Mr Herron: Yes.

Mr de Crittenden: Mr Herron, can you please tell this tribunal how much money is involved in the matter of Rochdale?

Mr Herron: My own estimate of the income received by Rochdale is £660,052, and I know that bailiffs were sent in to 409 homes before 2 August, 2005, when the council changed the wording on their documentation.

Mr de Crittenden: Mr Herron, can you please tell this tribunal what was done by NPAS in terms of correcting the flaws that you uncovered in Rochdale.

Mr Herron: The competence of NPAS must be called into question because they had adjudicated on appeal cases which involved the incorrect wording on the PCNs. Information supplied to me by Kevin Mayor, Head of Parking Services, at Rochdale confirmed that flawed PCNs had been supplied within evidence bundles supplied to NPAS tribunals - and yet these same tribuuals had found in favour of the council in no less than 18 cases. At the time of case no RE 58 something prompted NPAS to inform Rochdale of the flaw, and this caused Rochdale to change their wording mmediately. It has to be said that all previous cases had been missed completely by the NPAS adjudicators involved.

Mr de Crittenden: So these flaws were not exposed by the NPAS Organization, during any appeals conducted by am NPAS adjudicator, previous to July of 2005 - Is that correct?

Mr Herron: Yes.

Mr de Crittenden {to Mr Prickett} The evidence thus far indicates that people within the NPAS Organization are inefficient and subversive. How can you hear this present appeal, given that you are appointed to this present tribunal by these same subversive factions who are failing to uphold even the provisions of the RTA 1991?

Mr Prickett: [regarding Neil Herron's evidence] Is that all?

Mr Herron: No. In a telephone call that I made to NPAS their operative Paul Griffiths advised me that "they were a Court of Law" and that NPAS adjudicators had "the status of High Court judges" [Neil Herron turned to Mr Prickett and added, "Your Honour" which caused laughter from the audience].

Mr Prickett: I must say that I do not have the status of a High Court judge!

Mr Herron: In response to my enquiries, I received a letter from Andrew Barfoot at NPAS, which stated

"The National Parking Adjudication Service is specified as a tribunal in Schedule 1 to the Tribunals and Inquiries Act 1992, and so is under the supervision of the Council on Tribunals. As with all the tribunals specified in Schedule 1 to that Act … it exists outside the hierarchy of the ordinary courts of law. Nevertheless, all such tribunals are under the same duty to act judicially as ordinary courts of law. Indeed, the natural and ordinary meanings of the words "tribunal" and "court" are the same. In a general sense any type of court can be called a tribunal and vice versa".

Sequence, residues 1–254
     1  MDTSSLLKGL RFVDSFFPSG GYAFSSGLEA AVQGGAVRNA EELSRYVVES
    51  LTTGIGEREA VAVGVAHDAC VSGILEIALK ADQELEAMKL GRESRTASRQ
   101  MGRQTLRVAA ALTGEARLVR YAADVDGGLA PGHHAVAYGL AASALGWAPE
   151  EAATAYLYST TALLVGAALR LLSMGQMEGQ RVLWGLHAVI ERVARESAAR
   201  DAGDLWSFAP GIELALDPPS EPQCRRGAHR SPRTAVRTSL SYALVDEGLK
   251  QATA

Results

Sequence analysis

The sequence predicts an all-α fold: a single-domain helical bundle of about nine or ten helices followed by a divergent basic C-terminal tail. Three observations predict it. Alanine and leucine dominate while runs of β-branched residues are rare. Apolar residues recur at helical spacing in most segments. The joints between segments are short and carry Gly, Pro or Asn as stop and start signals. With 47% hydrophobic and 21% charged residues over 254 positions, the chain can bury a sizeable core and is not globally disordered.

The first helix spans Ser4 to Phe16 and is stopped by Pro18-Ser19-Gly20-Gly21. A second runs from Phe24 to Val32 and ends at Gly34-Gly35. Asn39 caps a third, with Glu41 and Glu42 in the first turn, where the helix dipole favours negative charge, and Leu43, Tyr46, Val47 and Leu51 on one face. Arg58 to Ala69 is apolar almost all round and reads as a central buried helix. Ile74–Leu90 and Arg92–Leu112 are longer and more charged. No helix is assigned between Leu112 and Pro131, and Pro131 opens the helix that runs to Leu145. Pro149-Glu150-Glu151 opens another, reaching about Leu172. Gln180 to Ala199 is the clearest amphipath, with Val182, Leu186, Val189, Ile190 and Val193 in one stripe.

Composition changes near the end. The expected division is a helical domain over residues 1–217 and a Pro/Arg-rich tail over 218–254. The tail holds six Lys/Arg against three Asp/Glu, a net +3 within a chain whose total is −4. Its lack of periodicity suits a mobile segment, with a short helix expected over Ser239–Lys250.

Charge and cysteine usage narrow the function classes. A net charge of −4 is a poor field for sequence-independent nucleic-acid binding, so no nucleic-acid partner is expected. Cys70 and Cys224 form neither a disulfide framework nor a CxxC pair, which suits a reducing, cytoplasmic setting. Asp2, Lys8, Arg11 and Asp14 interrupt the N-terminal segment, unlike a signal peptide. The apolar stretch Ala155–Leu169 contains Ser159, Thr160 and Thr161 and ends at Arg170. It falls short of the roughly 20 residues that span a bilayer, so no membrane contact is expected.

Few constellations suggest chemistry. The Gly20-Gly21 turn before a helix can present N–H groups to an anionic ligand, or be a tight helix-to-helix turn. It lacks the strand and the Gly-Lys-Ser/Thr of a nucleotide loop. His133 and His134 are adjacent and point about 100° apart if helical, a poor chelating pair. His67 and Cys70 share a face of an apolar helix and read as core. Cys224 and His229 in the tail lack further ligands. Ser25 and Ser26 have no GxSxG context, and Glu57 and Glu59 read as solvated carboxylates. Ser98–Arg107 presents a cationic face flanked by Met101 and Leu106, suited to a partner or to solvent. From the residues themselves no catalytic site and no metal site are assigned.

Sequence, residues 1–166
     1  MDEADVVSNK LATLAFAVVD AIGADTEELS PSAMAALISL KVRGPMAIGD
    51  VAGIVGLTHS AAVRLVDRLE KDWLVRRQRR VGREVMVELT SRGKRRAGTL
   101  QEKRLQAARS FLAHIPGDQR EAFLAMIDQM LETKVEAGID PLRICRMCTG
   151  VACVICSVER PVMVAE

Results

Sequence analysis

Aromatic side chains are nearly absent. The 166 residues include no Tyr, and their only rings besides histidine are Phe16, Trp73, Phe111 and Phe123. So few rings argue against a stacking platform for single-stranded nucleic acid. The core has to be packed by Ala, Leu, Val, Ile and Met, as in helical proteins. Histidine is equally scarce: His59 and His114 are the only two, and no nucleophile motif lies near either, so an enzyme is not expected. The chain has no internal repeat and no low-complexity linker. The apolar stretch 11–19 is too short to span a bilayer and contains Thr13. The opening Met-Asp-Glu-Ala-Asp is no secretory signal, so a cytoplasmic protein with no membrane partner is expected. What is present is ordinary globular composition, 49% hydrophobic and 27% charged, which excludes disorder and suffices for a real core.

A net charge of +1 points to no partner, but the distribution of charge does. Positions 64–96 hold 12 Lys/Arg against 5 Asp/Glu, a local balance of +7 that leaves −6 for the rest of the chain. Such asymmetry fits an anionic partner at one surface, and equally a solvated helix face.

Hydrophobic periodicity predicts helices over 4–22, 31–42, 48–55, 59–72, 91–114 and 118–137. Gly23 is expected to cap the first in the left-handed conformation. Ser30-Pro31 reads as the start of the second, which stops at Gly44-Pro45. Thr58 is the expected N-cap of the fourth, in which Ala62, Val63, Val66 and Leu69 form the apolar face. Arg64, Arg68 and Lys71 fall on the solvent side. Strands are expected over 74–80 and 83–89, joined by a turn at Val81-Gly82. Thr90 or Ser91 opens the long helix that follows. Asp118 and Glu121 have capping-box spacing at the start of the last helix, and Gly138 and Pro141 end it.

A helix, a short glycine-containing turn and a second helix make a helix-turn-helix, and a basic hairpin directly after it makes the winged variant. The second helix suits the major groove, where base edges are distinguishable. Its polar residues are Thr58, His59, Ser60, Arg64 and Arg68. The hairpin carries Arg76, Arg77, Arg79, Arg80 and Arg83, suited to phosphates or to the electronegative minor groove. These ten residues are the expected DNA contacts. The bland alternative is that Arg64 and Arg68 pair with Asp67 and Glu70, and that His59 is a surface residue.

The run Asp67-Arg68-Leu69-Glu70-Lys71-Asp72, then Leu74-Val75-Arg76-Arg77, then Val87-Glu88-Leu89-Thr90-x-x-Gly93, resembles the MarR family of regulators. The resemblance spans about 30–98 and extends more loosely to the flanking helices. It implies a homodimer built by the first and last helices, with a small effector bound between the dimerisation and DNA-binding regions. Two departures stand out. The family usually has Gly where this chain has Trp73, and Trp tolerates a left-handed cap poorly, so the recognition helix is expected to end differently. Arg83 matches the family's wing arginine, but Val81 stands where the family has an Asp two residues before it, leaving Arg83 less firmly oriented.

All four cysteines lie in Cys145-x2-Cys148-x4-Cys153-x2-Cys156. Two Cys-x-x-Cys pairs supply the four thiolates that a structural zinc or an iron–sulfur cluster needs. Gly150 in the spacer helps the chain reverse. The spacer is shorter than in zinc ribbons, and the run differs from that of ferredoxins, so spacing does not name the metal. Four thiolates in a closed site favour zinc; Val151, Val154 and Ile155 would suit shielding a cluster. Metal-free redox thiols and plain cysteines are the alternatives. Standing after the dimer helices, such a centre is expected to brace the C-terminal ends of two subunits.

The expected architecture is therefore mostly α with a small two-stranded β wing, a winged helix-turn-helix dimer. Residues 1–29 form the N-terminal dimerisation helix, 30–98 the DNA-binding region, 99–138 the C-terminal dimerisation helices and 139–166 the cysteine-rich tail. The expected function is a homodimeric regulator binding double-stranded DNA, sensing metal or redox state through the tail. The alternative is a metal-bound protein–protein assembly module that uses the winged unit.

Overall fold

Mr de Crittenden: I ask the tribunal to accept this letter into evidence.

Mr Prickett [to Mr de Crittenden]: Mr Herron is your witness, does he have anything else to say?

Mr de Crittenden: Unlike your own relationship with NPAS, Neil Herron is completely independent of me and I do not know the full extent of his own knowledge of NPAS mischief. I have asked Mr Herron to provide this tribunal with the entirety of the evidence that he considers relevant to show this tribunal that NPAS is guilty of wilful mischief and gross inadequacy - and I consider the evidence of Mr Herron to be relevant to the conduct and claimed independence of this present hearing. Mr Herron, can you please continue with your evidence, bearing in mind that we are currently dealing with the mischief and inadequacies of NPAS.

Mr Herron: The NPAS website contains a flash video clip by Sian Cole which states that "this is a court of law".

Mr Prickett: What is a flash? I do not understand this technology.

Mr Herron: I'm just as bad. It is a video clip.

Mr Prickett: This is a legal tribunal and not a court of law.

Mr Herron: I asked NPAS to remove this clip from their web-site.

Mr Prickett: By email?

Mr Herron: By registered post. I had a reply from a Mr Bob Tinsley. I established that the website has been accessed 327,000 times.

Mr Prickett: The website has a hit counter?

Mr Herron: Yes, and there were 2224 'hits' in the Welsh language (laughter).